Tom’s saxophone and salsa strategies for coping with reverse culture shock

I love talking to fellow travellers who, like me, have had some difficulty fitting back into their home country after spending time abroad. In this post, I’ve got an interview with Tom Bourlet who proves what I’ve long thought, that reverse culture shock can hit even if you’re only away for a few months. He spent three months travelling the USA coast to cast, and when his visa experied he very reluctantly returned to England. My favourite thing about Tom’s story is that he came up with some really excellent strategies for coping with reverse culture shock.

Strategies for coping with reverse culture shock

Tom Bourlet has some great strategies for coping with reverse culture shock (not just abseiling though)

Life back in England and reverse culture shock

When I returned home I managed to get a job lined up, however sorting out a house wasn’t quick, so I had to spend the first month living in a hostel, offering the feeling of travelling, without any of the joy. Once I got fully back into work and a new house, nothing quite felt the same as before I left.

Before I went to the USA, I was happy to work 60 hour weeks, spend every night torturing my body in the gym and living for the weekend. However something changed when I went travelling. It wasn’t the lack of things to do, as every day was choca block with activities and excursions. I think it was the freedom and the removal of stress that really made the difference.

I found following a month of being back into work, as I spent most of my time worrying about meeting deadlines and staring at computer screens all day and night, I began getting really bad headaches and constantly felt exhausted.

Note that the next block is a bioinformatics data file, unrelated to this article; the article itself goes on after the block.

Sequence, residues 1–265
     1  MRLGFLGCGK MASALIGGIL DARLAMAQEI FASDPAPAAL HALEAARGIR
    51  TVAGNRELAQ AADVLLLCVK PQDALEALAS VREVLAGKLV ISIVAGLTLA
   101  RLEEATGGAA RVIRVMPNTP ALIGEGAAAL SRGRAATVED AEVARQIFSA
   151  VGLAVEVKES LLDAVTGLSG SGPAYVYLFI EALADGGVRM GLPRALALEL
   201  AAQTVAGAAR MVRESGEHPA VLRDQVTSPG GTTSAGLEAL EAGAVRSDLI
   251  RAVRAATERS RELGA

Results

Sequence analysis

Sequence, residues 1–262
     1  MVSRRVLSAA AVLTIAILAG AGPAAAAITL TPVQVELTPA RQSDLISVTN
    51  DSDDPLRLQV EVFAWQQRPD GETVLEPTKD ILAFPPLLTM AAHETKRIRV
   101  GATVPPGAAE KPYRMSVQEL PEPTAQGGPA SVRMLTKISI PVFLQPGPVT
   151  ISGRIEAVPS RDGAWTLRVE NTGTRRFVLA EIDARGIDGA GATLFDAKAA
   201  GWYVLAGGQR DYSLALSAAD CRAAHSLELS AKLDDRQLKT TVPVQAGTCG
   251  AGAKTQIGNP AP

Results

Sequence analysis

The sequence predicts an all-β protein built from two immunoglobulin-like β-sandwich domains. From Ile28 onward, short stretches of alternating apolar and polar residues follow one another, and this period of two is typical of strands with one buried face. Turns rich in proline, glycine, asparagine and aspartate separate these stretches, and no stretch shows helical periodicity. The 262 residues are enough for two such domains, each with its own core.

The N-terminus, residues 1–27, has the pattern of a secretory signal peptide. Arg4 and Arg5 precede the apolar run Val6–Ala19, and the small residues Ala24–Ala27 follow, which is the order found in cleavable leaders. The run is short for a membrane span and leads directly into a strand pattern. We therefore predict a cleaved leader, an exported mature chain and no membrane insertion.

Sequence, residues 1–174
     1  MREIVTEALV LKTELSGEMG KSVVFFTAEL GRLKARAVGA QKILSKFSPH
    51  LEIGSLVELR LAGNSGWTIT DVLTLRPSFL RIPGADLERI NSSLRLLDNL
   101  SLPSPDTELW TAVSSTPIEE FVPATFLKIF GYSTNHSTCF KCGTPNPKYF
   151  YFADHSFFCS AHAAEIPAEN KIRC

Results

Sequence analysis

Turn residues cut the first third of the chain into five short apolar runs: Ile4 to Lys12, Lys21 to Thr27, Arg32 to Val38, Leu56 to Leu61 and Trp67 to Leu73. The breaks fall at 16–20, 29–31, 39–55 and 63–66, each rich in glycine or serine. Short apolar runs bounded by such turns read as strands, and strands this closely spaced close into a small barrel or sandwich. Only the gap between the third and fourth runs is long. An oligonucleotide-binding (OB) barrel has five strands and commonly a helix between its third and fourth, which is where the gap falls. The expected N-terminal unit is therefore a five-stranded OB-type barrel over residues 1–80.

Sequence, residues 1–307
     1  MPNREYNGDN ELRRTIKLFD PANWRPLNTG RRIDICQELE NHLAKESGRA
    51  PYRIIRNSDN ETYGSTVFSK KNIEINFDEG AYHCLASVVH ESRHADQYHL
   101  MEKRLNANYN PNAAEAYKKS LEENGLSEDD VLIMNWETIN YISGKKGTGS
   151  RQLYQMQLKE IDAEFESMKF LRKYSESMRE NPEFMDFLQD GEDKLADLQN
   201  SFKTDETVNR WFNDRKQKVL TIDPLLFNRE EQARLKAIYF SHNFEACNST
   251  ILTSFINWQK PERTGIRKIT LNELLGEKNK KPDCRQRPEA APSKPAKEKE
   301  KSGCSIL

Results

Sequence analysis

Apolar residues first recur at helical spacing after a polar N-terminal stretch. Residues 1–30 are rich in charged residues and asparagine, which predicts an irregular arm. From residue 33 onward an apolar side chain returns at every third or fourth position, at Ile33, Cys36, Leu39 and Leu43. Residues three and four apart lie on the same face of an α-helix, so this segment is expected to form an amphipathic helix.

Strategies for coping with reverse culture shock

I think maybe one of my regrets was not taking a week off when I returned, as I was thrown right back into the deep end. One thing I would recommend to people returning is to begin planning your next trip. This might sound odd as you instantly start to crave jumping on a plane, however it gives you something to work for, something to motivate yourself to turn up to a job you maybe don’t enjoy that much and work yourself to the bone for, because you know at the end, you will be sipping pina coladas on a beach in Thailand.

Another recommendation is to take up hobbies and activities that you would normally only do when travelling. I took up saxophone lessons and salsa classes. This instantly added some great excitement to my week, while I felt like I was having great fun through the week, not just living for the weekend.

(Amanda says: I think this is a brilliant tip – a great way to deal with reverse culture shock in so many ways, because you’ll be meeting new people and learning new things, two of the biggest thrills of travelling, which will help you ease your way back into life at home.)

Strategies for coping with reverse culture shock

Tom Bourlet has fun when he travels!

Tom Bourlet is the creator of Spaghetti Traveller, and a Brighton based travel addict, who has covered most of Europe, as well as South and North America, however his ultimate aim is to see South East Asia and visit Halong Bay.

(Amanda says: Tom’s post on 100 things to do before you die is especially fun – you can tick boxes! Also, I love Tom because he spells traveller with two Ls, just like I do.)

 

Over to you: What hobbies would you take up to get over culture shock?

I love this idea – and I know one of the things I did when I returned to Perth was enrolling in Japanese lessons to keep up the language I learnt in Osaka. I have always wanted to play the saxophone though, I think I need to take a leaf out of Tom’s book. What hobby or activity do you long to take up?

 

Comments

  1. I’m with Tom, I think the best antidote to reverse culture shock/post holiday blues is to start planning your next trip. I have been known to start planning the next trip while I’m still travelling! It’s always good to have something to look forward to!

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